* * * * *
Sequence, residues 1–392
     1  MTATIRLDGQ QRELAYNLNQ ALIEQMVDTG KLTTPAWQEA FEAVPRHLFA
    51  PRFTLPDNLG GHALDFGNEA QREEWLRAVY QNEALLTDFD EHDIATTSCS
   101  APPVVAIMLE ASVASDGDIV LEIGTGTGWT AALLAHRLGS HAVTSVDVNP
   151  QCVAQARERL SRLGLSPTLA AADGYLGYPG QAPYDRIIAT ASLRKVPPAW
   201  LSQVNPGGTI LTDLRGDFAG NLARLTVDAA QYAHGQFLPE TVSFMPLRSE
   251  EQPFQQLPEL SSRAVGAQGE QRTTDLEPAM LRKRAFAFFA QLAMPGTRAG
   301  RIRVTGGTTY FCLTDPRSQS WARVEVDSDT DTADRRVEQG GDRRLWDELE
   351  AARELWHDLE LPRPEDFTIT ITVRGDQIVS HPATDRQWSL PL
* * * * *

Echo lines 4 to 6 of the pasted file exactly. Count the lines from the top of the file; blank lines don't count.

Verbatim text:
   101  APPVVAIMLE ASVASDGDIV LEIGTGTGWT AALLAHRLGS HAVTSVDVNP
   151  QCVAQARERL SRLGLSPTLA AADGYLGYPG QAPYDRIIAT ASLRKVPPAW
   201  LSQVNPGGTI LTDLRGDFAG NLARLTVDAA QYAHGQFLPE TVSFMPLRSE